Public Speaking Report 10: A One-Week Guide to Prepare for Your Next Presentation
We get it. You don’t have weeks to prepare for your upcoming presentation.
After all, while your next talk may be important, it’s probably not a TED Talk that will be seen by millions of people, or a presidential address with a primetime audience.
How can you balance your desire to give a great talk with the need to use your time wisely?
In this report, we offer a timeline of the steps you can take in just one week to get your presentation up and running. As to how long each step should take, we leave that up to you. Only you know how many or how few hours you can devote to each task.
One Week to Your Presentation
This is your “big picture” day, on which you should identify:
Your goal. What tangible outcomes are you hoping to achieve by delivering your presentation?
Your bright shiny object (BSO). If your audience takes away only one main point after hearing your talk, what do you want it to be?
Your audience-focused bright shiny object (ABSO). How can you meet the audience where they are? Why should they care? If they are resistant to your ideas, what’s in it for them?
Now that you have your big-picture thinking done, it’s time to brainstorm.
Whether you do it best by keyboard, pen, Post-it, file card, or voice memo, jot down everything you might want to say. No need for a verbatim script – just capture your thoughts in writing.
Don’t judge your thoughts; collect everything that comes to mind. You’ll have time to edit tomorrow.
First, look at your list from yesterday. Did you capture everything? What did you forget to include?
Next, begin to order your points. The traditional structure is three main points, each of which is supported by stories, including case studies and examples, as well as statistics. Between each point is a transition – a pivot – that leads the audience from one section to the next.
Specifically, you’ll want to:
- Identify the stories and case studies that have strong emotional content.
- Contextualize your statistics by infusing them with meaning.
It’s time to put the pieces together. Create a draft of your talk that includes the three points, the supporting materials, and transitions. Develop your opening, closing, and call to action, too.
It’s time to work on the visuals. The visual aids you choose should be the ones that best reinforce your main points and engage your audience.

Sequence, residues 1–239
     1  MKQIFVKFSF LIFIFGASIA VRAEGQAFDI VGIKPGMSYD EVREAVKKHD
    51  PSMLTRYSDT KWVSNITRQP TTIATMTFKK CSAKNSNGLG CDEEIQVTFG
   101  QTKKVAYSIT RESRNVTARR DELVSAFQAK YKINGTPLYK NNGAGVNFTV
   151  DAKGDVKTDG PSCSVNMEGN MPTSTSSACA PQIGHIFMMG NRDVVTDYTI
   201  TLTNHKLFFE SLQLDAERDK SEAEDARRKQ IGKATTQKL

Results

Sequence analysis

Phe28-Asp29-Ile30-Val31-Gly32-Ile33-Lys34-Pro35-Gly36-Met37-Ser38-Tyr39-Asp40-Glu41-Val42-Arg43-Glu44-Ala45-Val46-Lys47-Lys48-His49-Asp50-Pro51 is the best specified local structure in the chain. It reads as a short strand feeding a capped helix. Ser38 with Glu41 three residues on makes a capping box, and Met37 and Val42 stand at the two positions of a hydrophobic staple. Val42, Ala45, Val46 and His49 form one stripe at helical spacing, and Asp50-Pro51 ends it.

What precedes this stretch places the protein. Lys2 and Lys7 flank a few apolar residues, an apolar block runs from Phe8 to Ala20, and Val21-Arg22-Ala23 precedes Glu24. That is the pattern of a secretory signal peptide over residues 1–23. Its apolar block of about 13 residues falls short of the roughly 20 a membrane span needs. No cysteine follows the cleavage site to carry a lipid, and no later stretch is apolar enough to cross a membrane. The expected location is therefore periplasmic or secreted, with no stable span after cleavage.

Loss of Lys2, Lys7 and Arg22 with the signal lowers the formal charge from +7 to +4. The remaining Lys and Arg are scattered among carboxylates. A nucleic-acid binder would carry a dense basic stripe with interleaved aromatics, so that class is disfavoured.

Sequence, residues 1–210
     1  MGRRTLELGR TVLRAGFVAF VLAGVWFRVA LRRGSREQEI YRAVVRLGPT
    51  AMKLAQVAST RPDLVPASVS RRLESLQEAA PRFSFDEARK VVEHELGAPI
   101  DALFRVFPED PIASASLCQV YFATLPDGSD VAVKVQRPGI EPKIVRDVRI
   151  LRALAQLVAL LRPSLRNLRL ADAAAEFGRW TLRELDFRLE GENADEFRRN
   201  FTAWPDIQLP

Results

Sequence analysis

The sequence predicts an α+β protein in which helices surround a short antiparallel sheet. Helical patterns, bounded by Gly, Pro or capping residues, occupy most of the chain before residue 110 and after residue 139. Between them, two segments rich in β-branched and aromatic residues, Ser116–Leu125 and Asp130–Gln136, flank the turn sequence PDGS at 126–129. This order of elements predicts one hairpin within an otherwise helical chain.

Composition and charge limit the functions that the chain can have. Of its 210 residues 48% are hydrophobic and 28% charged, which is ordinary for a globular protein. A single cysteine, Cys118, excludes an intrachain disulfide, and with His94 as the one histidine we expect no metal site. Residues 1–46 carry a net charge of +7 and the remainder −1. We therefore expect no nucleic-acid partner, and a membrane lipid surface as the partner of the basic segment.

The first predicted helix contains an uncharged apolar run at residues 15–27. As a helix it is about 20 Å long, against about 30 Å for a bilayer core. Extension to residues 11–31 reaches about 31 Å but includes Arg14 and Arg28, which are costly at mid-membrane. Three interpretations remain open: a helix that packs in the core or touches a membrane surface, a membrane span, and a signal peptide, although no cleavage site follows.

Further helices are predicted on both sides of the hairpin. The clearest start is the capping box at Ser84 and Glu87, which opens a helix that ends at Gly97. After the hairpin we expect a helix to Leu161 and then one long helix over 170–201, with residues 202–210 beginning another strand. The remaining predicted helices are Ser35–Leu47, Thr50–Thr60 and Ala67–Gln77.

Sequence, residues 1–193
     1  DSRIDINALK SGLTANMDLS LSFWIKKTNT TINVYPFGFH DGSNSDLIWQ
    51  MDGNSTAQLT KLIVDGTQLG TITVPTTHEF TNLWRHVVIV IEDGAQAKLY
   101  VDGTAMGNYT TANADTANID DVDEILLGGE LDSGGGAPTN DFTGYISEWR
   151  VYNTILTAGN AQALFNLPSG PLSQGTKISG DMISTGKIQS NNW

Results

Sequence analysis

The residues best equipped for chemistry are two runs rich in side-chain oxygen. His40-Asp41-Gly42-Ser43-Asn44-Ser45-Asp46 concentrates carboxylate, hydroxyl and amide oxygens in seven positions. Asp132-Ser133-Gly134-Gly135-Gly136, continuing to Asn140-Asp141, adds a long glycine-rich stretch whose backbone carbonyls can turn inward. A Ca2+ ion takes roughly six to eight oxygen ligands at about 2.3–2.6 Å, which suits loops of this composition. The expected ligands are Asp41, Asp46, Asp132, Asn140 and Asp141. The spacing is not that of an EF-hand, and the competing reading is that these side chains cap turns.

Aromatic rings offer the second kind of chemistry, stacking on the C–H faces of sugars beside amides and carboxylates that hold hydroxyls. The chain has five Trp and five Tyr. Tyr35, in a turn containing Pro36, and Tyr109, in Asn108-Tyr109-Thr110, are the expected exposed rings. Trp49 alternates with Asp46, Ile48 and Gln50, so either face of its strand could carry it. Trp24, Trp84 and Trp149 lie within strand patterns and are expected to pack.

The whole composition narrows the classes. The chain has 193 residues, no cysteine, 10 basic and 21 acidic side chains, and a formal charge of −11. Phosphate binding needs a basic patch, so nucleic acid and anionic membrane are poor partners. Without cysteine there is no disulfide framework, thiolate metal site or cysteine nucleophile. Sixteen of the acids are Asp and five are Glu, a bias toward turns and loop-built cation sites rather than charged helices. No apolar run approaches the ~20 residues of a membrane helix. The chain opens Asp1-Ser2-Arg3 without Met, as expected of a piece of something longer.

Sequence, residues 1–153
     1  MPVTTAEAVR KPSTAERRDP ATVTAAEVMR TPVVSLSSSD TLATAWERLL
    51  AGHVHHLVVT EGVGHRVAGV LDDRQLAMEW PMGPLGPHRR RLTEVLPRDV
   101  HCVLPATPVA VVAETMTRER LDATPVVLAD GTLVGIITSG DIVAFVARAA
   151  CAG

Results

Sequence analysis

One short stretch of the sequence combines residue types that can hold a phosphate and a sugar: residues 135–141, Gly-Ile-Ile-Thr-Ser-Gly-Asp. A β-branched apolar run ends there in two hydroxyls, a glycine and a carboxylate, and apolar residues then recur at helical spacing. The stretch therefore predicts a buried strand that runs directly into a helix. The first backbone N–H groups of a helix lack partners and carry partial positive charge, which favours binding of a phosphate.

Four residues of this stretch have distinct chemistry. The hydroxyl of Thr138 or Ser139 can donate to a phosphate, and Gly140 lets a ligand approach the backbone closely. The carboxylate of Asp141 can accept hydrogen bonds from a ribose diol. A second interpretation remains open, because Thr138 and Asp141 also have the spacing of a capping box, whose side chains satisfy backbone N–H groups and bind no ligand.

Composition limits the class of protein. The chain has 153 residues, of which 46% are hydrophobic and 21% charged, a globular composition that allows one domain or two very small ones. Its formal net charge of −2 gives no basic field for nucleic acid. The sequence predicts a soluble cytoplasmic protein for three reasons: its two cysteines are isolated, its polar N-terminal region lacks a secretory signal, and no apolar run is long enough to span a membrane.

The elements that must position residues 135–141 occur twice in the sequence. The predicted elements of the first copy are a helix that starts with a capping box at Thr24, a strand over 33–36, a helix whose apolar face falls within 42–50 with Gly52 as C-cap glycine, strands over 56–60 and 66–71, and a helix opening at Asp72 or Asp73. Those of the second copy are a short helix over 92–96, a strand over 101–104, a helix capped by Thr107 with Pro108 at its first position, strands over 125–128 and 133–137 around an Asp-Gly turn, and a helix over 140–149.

Strip out everything on each slide that isn’t absolutely essential to your key points. When teamed with a simple message, a great image – a photo, illustration, or other graphic element – is remembered for far longer than a list of a half-dozen bullet points.
Present data – whether in a chart, graph, diagram, table, or map – with visually appealing design that leads the eye to your most important point. Also, consider if other visual aids, such as handouts, videos, a demonstration, or an old-school flip chart, would work better.
With your words and visuals ready to go, you can move on to a practice session. We recommend breaking your practice session into segments, as follows:
Segment One: Open and Transition to Point One
Segment Two: Point One and Transition to Point Two
Segment Three: Point Two and Transition to Point Three
Segment Four: Point Three and Transition to First Close
Segment Five: First Close and Transition to Q&A and Second Close
Here are some additional tips:
- Practice by speaking out loud and recording yourself, ideally on video. Enlist some friends and family to be your audience.
- Deliver your run-through as you will your actual talk. As examples, stand, move, and display your visuals.
- Attempt to deliver your opening and closing without looking at your notes or reading your words.
- Pay close attention to delivering seamless transitions between topics and setting up your slides.
- Run a stopwatch on each segment, which will give you an approximation of total running time. It also will reveal if you need to cut or, conversely, bulk up the material.
- Identify the areas that drag or feel less than compelling and adjust as necessary.
Before the day is through, print out your notes and number them.
It’s show time!
Most importantly, get into the right headspace for a successful talk. These tips for managing speaking anxiety can help.
To give yourself the best chance for a stellar showing, arrive early. Test the logistics. Greet people as they walk in, effectively enlisting them as allies when you begin.
Take a breath. Break a leg. You got this.